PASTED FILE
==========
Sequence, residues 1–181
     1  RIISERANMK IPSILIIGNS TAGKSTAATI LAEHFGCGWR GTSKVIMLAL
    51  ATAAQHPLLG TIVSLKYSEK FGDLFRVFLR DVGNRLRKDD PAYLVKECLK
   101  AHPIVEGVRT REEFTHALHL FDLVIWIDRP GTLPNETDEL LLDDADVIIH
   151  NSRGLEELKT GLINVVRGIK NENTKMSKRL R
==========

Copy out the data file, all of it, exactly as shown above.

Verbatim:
Sequence, residues 1–181
     1  RIISERANMK IPSILIIGNS TAGKSTAATI LAEHFGCGWR GTSKVIMLAL
    51  ATAAQHPLLG TIVSLKYSEK FGDLFRVFLR DVGNRLRKDD PAYLVKECLK
   101  AHPIVEGVRT REEFTHALHL FDLVIWIDRP GTLPNETDEL LLDDADVIIH
   151  NSRGLEELKT GLINVVRGIK NENTKMSKRL R